In these extraordinary times, consider if you agree with any of the following statements:
My priorities have changed.
I now know what's important to me in my life.
I value my life and the ones of those dear to me.
I can better appreciate each day.
Today’s post on Appreciation of Life is the fourth part of my Post-Pandemic Growth series, based on the phenomenon of posttraumatic growth. The Posttraumatic Growth Inventory created by pioneer researchers Tedeschi and Calhoun, show “authentic” personal growth in different dimensions including personal strength, relationships and finding meaning. The focus today will be on the domain of Appreciation of Life post-trauma – a greater acknowledgement and value for all things life has to offer, be it large or small, perhaps things, experiences or relationships that were once taken for granted. Undergoing trauma often allows individuals the opportunity to see life as the gift of a second chance and one they often realise should be deeply cherished. Qualitative data shows that a common posttraumatic theme in appreciation of beauty is about noticing things – sunsets, nature, blue skies, relationships and other things in an individual’s life that they simply had not taken the time to appreciate before.
Some of you may know that apart from being a coach, I’m also a postgraduate student, doing my Master’s degree in Applied Positive Psychology and Coaching Psychology. Through my University and other sources during this pandemic many of us mental health practitioners were called upon to do pro bono coaching/therapy work and it has honestly been one of the most fulfilling and meaningful works that I’ve done to date. As I held the space for many and coached multiple people through the crisis, today I want to share one person’s story of growth in this dimension. I have this individual’s permission to share her journey but to protect her identity I’ll use the name, Tina. Tina is an NHS nurse who worked with COVID-19 patients and was assigned to me at the early stages of this pandemic. We met once a week via Zoom and I held the space for her as she shared her lived experience as a critical care nurse caring for sick patients. She expressed her fears, grief, guilt and the turbulent situation she was experiencing both professionally and personally. Almost six weeks into our sessions I started recognising a perceived posttraumatic growth theme of Appreciation of Life when she said to me – “I have really got to take care of myself, my family, my friends. I have learnt that life is short and I really don’t want to mess this up.” Tina’s appreciation for life started showing up in the form of gratitude, she started savouring her coffee breaks with her colleagues, enjoying her bike ride to the hospital, playing football with her sons, choosing to eat slower, appreciating the summer roses and enjoying the sunshine. Traumas that threaten our lives and our way of living can help us appreciate how precious life can be. Most of us have experienced some degree of emotional, psychological or physical aftereffects of the Coronavirus pandemic. Take a moment now to reflect what you appreciate about yourself and your life, as you start moving out of lockdown and into a more normal way of life. What things did you overlook prior to the pandemic? Are there some things in your life now that you could show a greater appreciation for?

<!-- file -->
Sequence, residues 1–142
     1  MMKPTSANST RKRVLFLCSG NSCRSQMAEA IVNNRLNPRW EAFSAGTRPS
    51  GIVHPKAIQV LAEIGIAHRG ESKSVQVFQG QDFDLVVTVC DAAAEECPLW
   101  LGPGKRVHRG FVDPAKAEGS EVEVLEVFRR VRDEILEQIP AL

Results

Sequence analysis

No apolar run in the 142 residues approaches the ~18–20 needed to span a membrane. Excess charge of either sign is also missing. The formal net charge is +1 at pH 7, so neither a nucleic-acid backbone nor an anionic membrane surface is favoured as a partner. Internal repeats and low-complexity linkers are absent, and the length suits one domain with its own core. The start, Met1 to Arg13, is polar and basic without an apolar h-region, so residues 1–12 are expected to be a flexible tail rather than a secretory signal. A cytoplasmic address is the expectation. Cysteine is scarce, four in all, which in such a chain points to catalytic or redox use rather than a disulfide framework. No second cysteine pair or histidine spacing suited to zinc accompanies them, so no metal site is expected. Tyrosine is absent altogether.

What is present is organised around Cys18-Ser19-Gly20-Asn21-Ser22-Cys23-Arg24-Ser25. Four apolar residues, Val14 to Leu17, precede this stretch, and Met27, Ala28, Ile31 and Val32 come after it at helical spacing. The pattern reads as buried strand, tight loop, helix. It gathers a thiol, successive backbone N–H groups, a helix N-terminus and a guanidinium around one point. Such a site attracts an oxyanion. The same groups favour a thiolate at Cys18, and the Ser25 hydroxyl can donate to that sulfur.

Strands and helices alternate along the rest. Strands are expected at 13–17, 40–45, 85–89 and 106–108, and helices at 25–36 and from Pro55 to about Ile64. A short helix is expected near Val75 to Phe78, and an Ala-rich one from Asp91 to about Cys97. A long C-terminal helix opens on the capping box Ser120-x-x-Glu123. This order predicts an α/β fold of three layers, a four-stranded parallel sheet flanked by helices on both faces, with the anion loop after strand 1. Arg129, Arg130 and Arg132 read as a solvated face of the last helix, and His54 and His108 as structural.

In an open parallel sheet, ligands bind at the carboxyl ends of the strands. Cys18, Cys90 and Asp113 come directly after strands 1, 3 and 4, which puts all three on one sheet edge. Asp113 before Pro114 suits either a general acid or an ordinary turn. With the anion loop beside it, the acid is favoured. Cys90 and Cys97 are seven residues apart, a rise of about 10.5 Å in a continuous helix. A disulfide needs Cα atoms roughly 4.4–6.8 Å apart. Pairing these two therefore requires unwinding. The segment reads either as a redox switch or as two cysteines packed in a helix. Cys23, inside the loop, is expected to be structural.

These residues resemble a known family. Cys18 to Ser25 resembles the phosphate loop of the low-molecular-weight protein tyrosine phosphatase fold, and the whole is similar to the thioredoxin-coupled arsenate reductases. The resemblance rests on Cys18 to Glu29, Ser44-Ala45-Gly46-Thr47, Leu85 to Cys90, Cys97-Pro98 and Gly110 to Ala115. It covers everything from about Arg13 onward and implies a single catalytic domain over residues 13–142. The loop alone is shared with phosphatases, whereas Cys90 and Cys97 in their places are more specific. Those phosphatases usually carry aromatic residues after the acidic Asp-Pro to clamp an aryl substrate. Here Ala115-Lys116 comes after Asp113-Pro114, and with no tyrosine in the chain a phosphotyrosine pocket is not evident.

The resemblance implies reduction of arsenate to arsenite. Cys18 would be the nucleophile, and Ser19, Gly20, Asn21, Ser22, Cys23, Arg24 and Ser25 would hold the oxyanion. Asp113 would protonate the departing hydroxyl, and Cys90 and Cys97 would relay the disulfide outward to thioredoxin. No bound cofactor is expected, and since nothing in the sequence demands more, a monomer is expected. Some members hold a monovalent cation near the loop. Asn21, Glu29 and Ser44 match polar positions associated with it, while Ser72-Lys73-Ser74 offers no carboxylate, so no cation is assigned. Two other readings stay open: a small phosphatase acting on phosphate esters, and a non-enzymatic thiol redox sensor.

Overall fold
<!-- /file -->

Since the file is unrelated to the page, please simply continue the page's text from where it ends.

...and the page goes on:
Positive Psychology Intervention: During this period of reflection, I want to share a useful positive psychology strengths-based intervention to help you engage with this dimension of growth. This intervention has been adapted from Ryan Niemiec’s book on Character Strengths Intervention. Many of us have gone through life with blinders on, missing the details of life. Using this intervention can help boost appreciation of life in these unusual times.
Steps: Create what researchers refer to as a “beauty log”. Identify and describe three aspects of beauty.
Describe something you felt was beautiful that is from nature.
Describe something you felt was beautiful that is human-made (e.g., arts and crafts).
Describe something you felt was beautiful in human behaviour (e.g., acts of goodness)
Finally, describe the beauty you witnessed by writing a few sentences about it in a journal. Try this exercise for at least a week. You can also use your journal to write about three things you are grateful for every day. Try these interventions, my friends, you may notice that even the smallest joys in life can take on a special meaning. Stay safe and stay strong.